The number of Americans expecting corporate leaders to weigh in on social issues is surging.
We counsel CEOs leading companies who have been flummoxed by investors, customers and their own employees, demanding to know ‘where the company stands’ on immigration reform, gender-neutral public restrooms, destruction of historic monuments and other hot-button issues. Though the vast majority of corporate executives would rather not play into such emotionally charged games, they know retreat can be bad business.
Most consumers are willing to drive farther and pay more to shop at a store whose brand they perceive as socially responsible, according to a recent survey released by Aflac. But this impact goes beyond retail sales. Professional investors see socially responsible corporate behavior not as a ‘wasted’ spend of monies that could be devoted to paying higher dividends, but as a cultural marker.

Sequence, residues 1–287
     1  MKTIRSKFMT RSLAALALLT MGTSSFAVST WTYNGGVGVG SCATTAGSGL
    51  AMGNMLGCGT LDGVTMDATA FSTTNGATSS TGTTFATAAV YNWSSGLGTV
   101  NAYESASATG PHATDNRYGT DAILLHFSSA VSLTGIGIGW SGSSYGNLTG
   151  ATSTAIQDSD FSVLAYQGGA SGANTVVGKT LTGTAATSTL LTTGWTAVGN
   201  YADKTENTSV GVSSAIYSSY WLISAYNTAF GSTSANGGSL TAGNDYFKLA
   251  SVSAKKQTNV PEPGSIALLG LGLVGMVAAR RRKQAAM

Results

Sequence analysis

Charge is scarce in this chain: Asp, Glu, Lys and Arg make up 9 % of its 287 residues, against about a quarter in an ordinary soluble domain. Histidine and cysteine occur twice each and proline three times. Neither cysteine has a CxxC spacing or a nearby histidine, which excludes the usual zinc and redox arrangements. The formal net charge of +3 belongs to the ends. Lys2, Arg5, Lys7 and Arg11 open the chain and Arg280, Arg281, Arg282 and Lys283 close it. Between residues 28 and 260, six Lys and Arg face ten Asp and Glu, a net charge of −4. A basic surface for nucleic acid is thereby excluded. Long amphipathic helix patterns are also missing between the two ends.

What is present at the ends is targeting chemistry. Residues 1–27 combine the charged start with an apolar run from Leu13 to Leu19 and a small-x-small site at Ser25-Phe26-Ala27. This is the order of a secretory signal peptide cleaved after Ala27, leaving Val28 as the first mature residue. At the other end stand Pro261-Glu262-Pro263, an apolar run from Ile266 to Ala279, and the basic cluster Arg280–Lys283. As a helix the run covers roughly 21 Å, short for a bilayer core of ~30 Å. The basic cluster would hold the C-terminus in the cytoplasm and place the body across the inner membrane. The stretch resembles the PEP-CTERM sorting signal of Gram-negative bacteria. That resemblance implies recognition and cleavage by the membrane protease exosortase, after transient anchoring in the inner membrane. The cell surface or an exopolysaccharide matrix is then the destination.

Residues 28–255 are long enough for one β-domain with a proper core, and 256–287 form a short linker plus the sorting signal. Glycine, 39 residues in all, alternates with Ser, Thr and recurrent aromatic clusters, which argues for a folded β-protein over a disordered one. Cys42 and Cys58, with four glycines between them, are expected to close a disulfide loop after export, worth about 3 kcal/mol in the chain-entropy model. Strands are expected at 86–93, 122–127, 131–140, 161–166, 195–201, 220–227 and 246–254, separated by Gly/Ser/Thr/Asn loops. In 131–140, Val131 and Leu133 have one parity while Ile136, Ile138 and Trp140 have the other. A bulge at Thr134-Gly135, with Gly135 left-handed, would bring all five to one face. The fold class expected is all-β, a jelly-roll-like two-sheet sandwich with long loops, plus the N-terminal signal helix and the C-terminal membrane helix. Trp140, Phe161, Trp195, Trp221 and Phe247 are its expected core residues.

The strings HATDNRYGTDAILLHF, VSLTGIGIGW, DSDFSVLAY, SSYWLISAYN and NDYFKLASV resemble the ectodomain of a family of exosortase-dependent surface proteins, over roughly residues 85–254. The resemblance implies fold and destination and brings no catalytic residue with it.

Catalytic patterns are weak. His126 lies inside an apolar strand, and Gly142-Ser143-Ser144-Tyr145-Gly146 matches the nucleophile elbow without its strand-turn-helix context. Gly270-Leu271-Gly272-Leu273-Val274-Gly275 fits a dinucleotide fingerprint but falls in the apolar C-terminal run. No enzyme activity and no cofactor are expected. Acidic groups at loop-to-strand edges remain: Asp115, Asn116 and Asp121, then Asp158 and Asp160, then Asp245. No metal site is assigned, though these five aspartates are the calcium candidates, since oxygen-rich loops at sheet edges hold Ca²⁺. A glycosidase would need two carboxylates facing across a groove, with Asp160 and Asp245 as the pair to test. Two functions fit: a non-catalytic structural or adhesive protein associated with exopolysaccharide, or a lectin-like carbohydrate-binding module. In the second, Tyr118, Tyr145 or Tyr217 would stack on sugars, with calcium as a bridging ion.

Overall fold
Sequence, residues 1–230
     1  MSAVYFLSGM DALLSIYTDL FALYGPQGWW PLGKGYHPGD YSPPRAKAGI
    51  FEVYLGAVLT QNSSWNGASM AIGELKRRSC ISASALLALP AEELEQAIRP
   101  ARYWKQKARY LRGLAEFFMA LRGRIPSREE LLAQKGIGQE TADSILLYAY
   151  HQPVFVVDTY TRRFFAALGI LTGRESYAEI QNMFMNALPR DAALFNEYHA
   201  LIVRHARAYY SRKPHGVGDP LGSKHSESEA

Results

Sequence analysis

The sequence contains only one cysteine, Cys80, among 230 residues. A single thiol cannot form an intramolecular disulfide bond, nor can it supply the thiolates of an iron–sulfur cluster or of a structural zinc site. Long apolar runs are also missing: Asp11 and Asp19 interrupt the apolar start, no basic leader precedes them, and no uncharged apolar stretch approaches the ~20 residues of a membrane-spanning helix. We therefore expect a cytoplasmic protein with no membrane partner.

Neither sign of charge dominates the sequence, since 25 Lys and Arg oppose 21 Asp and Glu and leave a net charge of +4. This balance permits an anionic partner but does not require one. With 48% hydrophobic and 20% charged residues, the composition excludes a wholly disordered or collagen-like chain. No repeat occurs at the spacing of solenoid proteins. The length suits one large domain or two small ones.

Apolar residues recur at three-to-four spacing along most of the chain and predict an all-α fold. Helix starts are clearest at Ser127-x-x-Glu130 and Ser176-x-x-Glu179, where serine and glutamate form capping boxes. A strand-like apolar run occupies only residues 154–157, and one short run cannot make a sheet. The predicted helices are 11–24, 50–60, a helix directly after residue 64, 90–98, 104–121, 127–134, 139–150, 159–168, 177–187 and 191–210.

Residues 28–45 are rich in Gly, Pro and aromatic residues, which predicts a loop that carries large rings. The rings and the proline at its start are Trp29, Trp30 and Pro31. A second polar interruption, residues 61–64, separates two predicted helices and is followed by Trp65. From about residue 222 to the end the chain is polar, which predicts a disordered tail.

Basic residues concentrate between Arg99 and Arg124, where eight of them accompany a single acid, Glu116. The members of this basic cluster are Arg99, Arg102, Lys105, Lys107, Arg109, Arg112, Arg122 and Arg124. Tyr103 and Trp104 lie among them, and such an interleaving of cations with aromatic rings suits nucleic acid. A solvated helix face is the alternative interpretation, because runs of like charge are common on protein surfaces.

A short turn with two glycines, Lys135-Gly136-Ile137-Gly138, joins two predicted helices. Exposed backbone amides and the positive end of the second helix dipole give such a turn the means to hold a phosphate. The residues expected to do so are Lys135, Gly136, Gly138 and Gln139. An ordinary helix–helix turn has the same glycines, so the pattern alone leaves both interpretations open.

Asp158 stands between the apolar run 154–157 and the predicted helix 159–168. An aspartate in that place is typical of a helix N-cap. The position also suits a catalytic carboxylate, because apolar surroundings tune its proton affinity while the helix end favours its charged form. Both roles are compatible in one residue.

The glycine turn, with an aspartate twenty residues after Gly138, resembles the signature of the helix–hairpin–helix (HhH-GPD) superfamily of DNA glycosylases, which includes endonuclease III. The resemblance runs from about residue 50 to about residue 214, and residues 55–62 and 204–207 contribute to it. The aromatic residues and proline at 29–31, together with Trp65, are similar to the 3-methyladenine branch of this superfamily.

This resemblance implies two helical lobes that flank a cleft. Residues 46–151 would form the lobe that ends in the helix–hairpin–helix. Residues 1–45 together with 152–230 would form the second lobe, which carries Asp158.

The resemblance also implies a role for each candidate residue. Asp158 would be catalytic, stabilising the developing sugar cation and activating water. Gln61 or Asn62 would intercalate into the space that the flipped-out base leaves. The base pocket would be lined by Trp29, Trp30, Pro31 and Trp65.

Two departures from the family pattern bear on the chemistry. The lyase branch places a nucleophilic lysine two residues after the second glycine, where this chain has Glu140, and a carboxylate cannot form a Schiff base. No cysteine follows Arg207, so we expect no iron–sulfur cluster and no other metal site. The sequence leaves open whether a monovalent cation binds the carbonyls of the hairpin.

The corporate world is not conveniently divided into companies that have values and companies that do not. The admonition to ‘do the right thing’ is inadequate. Educated people with generous hearts and good intentions can, and do, hold opposing values. Therefore, every statement of ‘where the company stands’ risks alienating some percentage of prospective customers, investors and employees. Helping our clients walk this ever-thinning tightrope will keep our corporate counselors occupied in this coming, contentious year.
Paul Dusseault, APR, is Senior Vice President & Senior Partner, FleishmanHillard, Atlanta. You can reach him, here.
Original article published in My PRSA Publications, January 5, 2018.